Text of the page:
Showing posts from July, 2010

Did You Get Enough Food, My Dear? Or Would You Like Another Ton?

Keeping with the Australian theme (unless you're absolutely traumatized by yesterday's post ), today we tackle food & food etiquette. Remember, I was a shy, nervous 10 year-old, travelling around a foreign country without my mother. Technically my father was there, but he was busy visiting old family and friends - like the Fosters and the Four X's ( hint: XXXX in beer label ) - and didn't really pay attention to the fact that it was his job to explain every little detail of what to expect to his anxiety ridden daughter. For instance, he should have forewarned me that the second I asked for ketchup I'd be asked to repeat it over and over and over again for no significant reason. (Around the 27th repetition I figured out they call it tomato sauce and ketchup is just a really silly word they liked to hear me say.) Then there's that whole biscuit is a cookie and french fries are chips but chips are crisps and well, it's utterly exhausting to be speaking t

Toilet Training: Australian Style

When I was 10, I went to Australia. We flew for a very long time and landed in a small airport in northern Queensland, where my Father, older sister and I were met by some strange man who spoke in a very strange accent. I was nervous and shy. We all got in this man's car and drove "home." "Home" was half a day's car ride away. Except I had never driven in a car for that long. Ever. I didn't even know it was possible. In my world, everything was located ten minutes away. Going to the grocery store? Ten minutes. Going to the bank? Ten minutes. Going to church? Ten minutes. So it made sense in my 10-year old mind that I would get in this car and ten minutes later, upon reaching our destination, would get out of this car. Except we didn't get out. Ever. Ok, not ever. We did stop at some dusty shack along the side of a dusty road where I was handed my first ever Cherry Cheer Soda (which I would drink 2,763 of during my six-week stay). Then we got ba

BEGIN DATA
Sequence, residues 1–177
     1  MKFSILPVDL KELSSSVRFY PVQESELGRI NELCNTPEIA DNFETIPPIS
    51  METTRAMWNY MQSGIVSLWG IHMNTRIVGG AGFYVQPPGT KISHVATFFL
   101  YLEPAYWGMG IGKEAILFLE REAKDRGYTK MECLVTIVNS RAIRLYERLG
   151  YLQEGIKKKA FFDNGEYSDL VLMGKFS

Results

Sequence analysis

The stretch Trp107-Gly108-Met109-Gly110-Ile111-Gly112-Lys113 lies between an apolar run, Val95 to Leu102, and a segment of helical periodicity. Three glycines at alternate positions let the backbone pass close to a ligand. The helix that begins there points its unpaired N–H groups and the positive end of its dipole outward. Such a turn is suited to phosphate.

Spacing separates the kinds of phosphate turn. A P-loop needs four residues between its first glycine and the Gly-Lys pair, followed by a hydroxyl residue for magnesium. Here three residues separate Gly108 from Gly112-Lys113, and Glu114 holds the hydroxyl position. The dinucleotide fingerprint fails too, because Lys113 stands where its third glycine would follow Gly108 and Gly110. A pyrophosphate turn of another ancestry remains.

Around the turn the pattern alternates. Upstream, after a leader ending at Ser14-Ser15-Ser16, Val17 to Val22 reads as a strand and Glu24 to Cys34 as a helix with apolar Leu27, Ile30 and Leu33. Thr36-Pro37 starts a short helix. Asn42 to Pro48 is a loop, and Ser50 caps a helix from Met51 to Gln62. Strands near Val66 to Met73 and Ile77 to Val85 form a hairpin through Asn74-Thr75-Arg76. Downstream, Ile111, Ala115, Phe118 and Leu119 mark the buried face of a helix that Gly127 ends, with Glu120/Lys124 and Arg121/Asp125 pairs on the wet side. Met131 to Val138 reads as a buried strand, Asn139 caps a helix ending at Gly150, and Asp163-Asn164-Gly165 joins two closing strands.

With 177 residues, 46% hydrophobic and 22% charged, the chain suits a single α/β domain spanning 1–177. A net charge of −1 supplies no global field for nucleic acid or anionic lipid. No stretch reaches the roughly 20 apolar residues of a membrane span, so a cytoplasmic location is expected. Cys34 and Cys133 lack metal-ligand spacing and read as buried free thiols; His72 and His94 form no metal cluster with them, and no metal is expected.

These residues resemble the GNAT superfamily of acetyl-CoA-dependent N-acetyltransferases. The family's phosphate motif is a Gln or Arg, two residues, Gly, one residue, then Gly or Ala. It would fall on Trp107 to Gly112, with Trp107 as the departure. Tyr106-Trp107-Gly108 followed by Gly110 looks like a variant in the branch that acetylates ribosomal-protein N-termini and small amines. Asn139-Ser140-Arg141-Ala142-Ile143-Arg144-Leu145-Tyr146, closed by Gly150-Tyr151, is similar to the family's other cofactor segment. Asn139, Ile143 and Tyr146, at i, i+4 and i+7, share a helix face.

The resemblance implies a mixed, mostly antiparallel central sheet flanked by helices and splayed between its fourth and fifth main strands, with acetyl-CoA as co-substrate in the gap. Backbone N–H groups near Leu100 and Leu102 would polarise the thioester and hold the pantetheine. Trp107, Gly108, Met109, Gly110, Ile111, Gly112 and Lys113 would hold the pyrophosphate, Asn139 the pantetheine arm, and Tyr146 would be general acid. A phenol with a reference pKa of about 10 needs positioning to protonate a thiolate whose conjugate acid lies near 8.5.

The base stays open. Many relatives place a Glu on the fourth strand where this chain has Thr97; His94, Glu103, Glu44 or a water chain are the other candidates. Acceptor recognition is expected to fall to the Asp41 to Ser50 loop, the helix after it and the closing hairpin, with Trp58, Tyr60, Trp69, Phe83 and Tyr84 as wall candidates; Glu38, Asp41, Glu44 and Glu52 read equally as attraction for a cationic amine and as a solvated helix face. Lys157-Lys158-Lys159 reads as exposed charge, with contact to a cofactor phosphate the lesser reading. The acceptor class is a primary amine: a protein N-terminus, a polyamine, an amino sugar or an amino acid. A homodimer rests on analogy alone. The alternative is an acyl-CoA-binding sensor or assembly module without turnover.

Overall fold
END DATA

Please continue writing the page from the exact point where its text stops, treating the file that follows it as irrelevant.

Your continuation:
Why I Never Took My Friends Up On Their Offer To Set Me Up On A Date